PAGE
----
Recently, students, staff and faculty have noticed an infestation of hamsters in Crawford, cause of which is still under investigation.
While facilities claimed the hamsters were likely coming from the atomic toilet, some students have the suspicion their professors are smuggling them into class.
“My professor proudly shows off his hamster,” one student said.
The student added that her professor keeps his hamster in his pocket and feeds it nuts throughout class.
Another student said the hamsters may be there for emotional support.
“Before, my professor seemed so lonely,” she said. “Having a hamster really seems to help him. Whenever we’re doing work and he’s at his desk, his hamster is there for him to pet.”
While many find the furry creatures adorable, some students said they’ve become a distraction.
A graduate student said it wouldn’t be a big deal if professors were better at controlling their hamsters.
“Lots of people have hamsters, and that’s fine,” he said. “But I don’t want them out and about in class. Keep them in their cages.”
It isn’t just students that have a problem with the hamsters. Some professors are bothered by their presence as well.
One professor in communications said the daily sight of her coworkers’ hamsters is upsetting. “It’s disgusting,” she said. “I can’t have a hamster, and to see them flaunting theirs around the school? I’m ready to quit.”
Another professor said seeing the hamsters everyday is a sad reminder that she can’t have one.
“I’ve always liked them,” she said. “I wish I had one, and seeing them every day just reminds me I’ll never have one.”
Facilities is working to get to the bottom of the infestation and stop it from spreading further.
“Our biggest concern is containment, both of the hamsters and professors,” one staff member said. “If it is professors bringing the hamsters in, we have a bigger issue than we thought. Everyone will want to try it. As they say, monkey see, monkey do.”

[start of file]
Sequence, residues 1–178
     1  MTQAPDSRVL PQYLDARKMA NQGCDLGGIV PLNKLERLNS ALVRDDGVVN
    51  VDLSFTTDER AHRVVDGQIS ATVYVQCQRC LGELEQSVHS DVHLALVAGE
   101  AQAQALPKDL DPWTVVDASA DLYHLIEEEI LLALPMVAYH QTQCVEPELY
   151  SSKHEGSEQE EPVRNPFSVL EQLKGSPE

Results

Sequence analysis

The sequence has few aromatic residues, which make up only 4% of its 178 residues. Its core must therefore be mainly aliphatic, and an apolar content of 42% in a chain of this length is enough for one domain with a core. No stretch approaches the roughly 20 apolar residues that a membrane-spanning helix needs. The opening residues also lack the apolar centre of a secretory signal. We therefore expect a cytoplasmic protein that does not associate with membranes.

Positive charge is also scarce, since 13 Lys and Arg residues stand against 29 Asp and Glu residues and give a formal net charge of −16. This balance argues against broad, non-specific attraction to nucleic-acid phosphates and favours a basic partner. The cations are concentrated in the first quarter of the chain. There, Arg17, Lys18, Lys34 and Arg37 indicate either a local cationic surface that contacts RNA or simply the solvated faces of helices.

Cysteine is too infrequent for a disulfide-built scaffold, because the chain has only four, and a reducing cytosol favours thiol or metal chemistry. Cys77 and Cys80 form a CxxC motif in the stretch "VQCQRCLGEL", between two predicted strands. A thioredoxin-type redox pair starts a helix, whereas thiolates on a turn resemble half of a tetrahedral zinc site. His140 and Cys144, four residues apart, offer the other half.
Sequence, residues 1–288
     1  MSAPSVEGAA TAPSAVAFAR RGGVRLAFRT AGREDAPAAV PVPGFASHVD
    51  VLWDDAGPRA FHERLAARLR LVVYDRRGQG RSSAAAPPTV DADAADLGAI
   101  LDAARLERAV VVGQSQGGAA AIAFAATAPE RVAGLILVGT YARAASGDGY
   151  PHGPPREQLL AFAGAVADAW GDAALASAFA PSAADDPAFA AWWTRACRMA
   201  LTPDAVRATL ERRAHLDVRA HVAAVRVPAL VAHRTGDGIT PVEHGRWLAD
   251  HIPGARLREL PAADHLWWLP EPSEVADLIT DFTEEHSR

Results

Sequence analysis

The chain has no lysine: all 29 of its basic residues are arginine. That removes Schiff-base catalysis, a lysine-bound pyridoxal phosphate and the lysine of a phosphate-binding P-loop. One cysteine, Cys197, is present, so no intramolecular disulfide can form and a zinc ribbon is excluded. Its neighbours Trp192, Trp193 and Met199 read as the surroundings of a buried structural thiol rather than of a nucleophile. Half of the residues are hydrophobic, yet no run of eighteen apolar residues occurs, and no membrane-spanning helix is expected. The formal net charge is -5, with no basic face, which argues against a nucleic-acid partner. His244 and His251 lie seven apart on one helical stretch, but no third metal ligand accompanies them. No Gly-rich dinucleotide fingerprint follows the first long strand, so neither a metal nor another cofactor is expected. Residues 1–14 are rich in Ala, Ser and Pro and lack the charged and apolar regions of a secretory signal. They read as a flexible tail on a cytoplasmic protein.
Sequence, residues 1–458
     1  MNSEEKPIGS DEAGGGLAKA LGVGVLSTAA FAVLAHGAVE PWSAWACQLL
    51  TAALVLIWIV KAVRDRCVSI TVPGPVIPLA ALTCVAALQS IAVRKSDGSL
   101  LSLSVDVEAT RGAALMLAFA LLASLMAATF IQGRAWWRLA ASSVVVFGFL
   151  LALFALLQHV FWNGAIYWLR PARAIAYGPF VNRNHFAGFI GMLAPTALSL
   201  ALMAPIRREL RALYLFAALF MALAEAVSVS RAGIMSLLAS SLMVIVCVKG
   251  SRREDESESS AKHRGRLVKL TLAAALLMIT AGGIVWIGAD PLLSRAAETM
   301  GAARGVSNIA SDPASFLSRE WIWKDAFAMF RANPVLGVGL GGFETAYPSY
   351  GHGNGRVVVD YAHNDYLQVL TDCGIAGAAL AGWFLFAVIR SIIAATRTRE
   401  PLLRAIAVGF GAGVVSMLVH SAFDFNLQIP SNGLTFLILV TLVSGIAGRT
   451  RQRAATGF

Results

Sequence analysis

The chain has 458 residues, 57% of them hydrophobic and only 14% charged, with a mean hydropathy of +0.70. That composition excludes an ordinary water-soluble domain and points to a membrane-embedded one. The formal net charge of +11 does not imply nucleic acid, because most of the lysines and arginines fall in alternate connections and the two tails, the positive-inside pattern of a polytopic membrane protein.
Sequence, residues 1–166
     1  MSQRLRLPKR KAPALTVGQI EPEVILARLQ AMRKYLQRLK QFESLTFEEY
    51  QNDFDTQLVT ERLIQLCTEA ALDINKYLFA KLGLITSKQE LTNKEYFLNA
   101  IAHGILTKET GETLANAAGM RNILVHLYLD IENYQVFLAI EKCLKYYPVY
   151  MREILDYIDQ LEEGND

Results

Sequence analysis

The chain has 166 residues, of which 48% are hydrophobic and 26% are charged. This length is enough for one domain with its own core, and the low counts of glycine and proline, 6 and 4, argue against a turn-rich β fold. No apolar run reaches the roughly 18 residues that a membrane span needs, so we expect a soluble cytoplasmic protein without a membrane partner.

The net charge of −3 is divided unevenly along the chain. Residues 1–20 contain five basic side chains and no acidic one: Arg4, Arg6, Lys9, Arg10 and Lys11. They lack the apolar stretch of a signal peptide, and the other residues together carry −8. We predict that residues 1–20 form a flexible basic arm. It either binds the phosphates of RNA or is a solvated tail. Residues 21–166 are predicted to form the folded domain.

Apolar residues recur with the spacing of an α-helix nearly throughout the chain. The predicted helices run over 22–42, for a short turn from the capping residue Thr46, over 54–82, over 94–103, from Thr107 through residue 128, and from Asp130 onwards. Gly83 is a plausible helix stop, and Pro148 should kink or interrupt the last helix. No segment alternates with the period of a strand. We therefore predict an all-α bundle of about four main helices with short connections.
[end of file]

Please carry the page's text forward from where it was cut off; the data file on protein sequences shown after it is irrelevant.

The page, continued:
While there are several courses of action being considered, the staff member said they’re leaning toward shutting down Crawford for several days.
“There are a couple reasons to shut it down,” the staff member said. “We’d like to exterminate any remaining hamsters in the building. But the biggest issue is that most of our professors probably need a break. If they had some time off, they might not feel the need to bring their hamsters onto school property.”
One professor, who wished to remain anonymous, is horrified at the idea of not being able to bring his hamster to class any longer.
“He’s my best friend,” he said. “He’s basically a part of me.”
The professor added that his hamster is like a security blanket, and when he has to spend the entire day without his pet, he feels tense, agitated and unfulfilled in life.
Some of the program chairs in Crawford are also looking into the problem.
They want to keep the building clean while also keeping their professors happy.
They’re considering adding rules about allowing certain pets, as long as professors follow specific protocol for cleaning up after their furry friends.
“I don’t know what we’re going to do, but I do know it’s something a lot of students have complained about,” one program chair said. “No one wants to see a hamster sticking out of their professor’s pocket at eight in the morning.”